During the recent few days of stress, the sectors most affected by the sudden stock market downturn were cyclicals and Energy stocks. Conversely, Utilities and Telecoms outperformed. This sector rotation is actually not surprising and is coherent in view of the uncertain environment. Investors are trying to protect themselves by reducing their positions in the most cyclical sectors and returning to defensive sectors. Nonetheless, we believe that it is therefore too early to envisage the end of the bullish economic cycle and to adopt a definitely more defensive sector strategy.
 

We play late cyclicals

The change of macro environment—towards an acceleration in more inflation and solid economic growth—is creating volatility in the very short term, but should at last incite investors to reposition themselves on very specific sectors, primarily on financials, commodity-related stocks and industrials. Financials will benefit from the rise in long rates and strong credit growth in developed economies, commodity stocks will rise on solid raw material prices in a context of strong demand, and Industrials will ride the wave of higher capital expenditure at the end of this cycle. At the same time, Consumer Staples (negative stance) will continue to suffer. We thus continue to recommend a positive stance on Financials versus Consumer Staples.   
 

As we are convinced that equity markets still have a bright future ahead of them, we thus adjust our sector recommendation accordingly:

  • We upgrade (global) Materials to positive from neutral. In the recent sell-off, the sector is back at its 200-day moving average in the US and in Europe. The good macro data in China, re-synchronisation of global economic growth, weaker USD and relative attractive valuations (P/E below its 3-year average) will lift investor sentiment. In Mining, free cash flow has improved thanks to capital discipline and a rosier global environment. We also favour Construction & Infrastructure (positive demand). Chemicals will benefit from positive drivers (M&A, pricing power, solid demand) despite rising input prices (higher oil prices).
  • We upgrade (global) Industrials to positive from neutral. The current rebound in corporate profits in developed economies is expected to support Capex. In most countries, leading indicators of Capex point to a pick-up in spending activity. There is a growing interest in infrastructure spending. Capital goods will benefit from this major shift. Previously we were positive on two sub-sectors in Industrials, i.e. Commercial Services and Infrastructure (a subsector of capital goods). We are now positive on Industrials overall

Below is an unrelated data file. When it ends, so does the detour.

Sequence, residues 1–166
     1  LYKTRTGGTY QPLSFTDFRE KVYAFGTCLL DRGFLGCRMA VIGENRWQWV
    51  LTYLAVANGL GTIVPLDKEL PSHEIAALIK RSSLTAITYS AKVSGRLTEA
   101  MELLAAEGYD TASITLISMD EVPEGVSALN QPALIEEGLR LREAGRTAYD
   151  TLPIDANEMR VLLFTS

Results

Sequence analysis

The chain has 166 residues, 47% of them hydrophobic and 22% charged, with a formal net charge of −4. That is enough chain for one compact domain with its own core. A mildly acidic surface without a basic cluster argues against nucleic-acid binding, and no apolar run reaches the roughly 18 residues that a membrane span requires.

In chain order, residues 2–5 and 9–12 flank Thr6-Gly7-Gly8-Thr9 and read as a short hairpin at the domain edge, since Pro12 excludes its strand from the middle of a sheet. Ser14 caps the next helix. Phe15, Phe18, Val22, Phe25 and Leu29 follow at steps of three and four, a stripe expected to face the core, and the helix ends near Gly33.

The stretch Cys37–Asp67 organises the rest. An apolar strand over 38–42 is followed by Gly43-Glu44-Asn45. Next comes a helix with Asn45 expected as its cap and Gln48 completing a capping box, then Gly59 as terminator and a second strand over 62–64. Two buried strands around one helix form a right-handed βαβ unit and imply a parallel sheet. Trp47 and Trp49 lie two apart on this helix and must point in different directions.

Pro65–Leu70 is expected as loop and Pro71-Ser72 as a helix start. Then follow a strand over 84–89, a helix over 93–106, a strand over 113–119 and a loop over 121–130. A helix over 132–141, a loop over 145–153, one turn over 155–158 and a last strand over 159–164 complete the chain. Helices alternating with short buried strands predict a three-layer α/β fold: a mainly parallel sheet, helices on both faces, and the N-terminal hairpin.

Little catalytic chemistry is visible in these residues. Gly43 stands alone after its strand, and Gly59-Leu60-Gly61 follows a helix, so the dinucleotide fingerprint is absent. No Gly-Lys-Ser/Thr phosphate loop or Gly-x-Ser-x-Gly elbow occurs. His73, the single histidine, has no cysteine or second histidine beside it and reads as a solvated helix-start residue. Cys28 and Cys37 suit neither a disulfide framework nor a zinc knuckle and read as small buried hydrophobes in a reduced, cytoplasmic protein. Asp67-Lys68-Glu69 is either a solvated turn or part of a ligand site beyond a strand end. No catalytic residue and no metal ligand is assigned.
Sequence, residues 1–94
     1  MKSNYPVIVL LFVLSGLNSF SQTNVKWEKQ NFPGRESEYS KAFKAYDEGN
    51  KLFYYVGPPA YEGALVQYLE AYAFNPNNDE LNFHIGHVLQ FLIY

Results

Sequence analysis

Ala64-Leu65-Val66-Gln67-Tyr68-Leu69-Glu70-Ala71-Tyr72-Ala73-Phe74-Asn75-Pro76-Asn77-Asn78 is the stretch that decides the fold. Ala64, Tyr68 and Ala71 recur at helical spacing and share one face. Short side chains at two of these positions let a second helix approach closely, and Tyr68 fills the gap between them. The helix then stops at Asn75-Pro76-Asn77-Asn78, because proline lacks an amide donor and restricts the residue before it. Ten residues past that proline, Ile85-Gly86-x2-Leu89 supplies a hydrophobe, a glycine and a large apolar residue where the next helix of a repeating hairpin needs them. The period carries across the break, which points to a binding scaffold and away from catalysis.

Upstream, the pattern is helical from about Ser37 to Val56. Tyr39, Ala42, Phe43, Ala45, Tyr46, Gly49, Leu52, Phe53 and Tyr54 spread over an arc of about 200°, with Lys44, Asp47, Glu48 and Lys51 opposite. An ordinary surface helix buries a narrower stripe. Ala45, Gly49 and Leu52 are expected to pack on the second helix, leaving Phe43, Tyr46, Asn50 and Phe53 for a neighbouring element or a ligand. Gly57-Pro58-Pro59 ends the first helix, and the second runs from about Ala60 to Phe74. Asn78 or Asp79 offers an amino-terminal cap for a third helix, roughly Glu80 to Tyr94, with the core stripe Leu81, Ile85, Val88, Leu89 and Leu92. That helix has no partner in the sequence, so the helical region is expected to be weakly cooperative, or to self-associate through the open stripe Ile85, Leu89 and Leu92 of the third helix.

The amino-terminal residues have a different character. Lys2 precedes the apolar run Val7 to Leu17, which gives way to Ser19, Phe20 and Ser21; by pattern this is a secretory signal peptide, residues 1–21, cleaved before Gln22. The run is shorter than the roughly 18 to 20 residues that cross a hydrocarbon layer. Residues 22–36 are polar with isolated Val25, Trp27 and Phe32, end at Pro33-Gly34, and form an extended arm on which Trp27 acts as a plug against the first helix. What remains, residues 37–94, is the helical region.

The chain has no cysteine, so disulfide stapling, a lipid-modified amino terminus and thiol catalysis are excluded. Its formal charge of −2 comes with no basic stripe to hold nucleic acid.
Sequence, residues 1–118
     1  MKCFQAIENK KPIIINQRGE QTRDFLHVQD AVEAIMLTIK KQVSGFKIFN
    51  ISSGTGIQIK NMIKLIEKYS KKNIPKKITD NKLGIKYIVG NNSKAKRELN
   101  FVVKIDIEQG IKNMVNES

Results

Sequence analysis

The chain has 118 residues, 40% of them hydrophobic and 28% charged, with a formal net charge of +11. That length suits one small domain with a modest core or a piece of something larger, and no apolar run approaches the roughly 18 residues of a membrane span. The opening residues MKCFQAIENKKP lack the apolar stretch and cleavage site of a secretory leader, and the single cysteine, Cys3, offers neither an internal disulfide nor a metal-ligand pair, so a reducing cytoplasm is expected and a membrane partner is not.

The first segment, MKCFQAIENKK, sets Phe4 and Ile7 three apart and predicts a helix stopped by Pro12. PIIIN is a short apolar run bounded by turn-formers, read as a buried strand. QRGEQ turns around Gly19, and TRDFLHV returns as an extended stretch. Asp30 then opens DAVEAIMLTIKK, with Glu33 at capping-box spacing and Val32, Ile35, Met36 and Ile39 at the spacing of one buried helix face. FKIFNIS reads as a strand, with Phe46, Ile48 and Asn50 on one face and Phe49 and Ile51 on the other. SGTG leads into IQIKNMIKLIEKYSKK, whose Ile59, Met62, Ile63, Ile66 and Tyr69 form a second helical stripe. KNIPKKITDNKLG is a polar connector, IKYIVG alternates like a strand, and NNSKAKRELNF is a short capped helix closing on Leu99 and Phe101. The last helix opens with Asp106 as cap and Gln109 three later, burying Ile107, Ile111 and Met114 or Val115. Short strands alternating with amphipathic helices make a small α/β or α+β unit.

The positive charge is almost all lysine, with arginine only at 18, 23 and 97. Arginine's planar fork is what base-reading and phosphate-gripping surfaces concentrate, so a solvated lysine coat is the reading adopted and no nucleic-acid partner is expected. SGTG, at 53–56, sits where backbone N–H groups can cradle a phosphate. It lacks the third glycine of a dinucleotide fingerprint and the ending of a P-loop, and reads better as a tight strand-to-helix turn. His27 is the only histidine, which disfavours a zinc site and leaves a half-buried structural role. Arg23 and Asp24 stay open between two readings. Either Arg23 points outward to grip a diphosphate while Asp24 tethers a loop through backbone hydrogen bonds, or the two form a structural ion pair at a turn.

• We keep a neutral stance on Technology, but play European Communication Equipment (upgraded to positive). Tech stocks are back at their November levels, but are not yet at their 200-day moving average. As the market correction has been modest, valuations still look relatively high (P/E at 19.5x in the US) and rising bond yields may represent a headwind for the sector. Although we remain confident in the sector’s structural drivers (solid demand and secular growth, i.e. strong product cycle, new markets), we prefer being selective within the IT sector. We see opportunities in the Communication Equipment: relatively more attractive valuations and improving revenues (deploying 5G spending).


Some defensive sectors have suffered over the last few months and are oversold for the time being. We will downgrade them in the event of a market rebound:

  • We downgrade European Utilities to negative. The sector is not really exciting and has limited organic growth. Rising bond yields might penalise regulated Utilities that are rather expensive in Europe. Regulated Utilities are considered as bond proxies and have outperformed in recent years. We are thus cautious on these utility stocks. Integrated Utilities should have more potential thanks to an earnings inflection from low levels.
  • We downgrade European Telecom services to neutral from positive. The sector should benefit from likely M&A, cheap valuations and high dividends (the pay-out ratio of major companies remains reasonable). Nonetheless, Telecoms have suffered as investors see the sector as a bond proxy. Our positive stance has not worked, so far (pressure on FCF, poor earnings reports, reflation trade, and disappointing inflation data in the sector). There is no reason to believe that the sector will outperform in the short term. Any technical rebound in the sector will be an opportunity to reduce exposure.
  • We downgraded global Health Care to neutral in October 2017, but unfortunately kept a positive stance on European Health Care. Over the past few months, the sector has been hit by poor earnings reports, disappointments surrounding some products, rising pressure on drug prices and a weaker dollar. Due to these waning fundamentals, a neutral stance in Europe makes sense. Nonetheless, as the sector is currently oversold, we will reduce the European Health Care sector to neutral on the next rebound.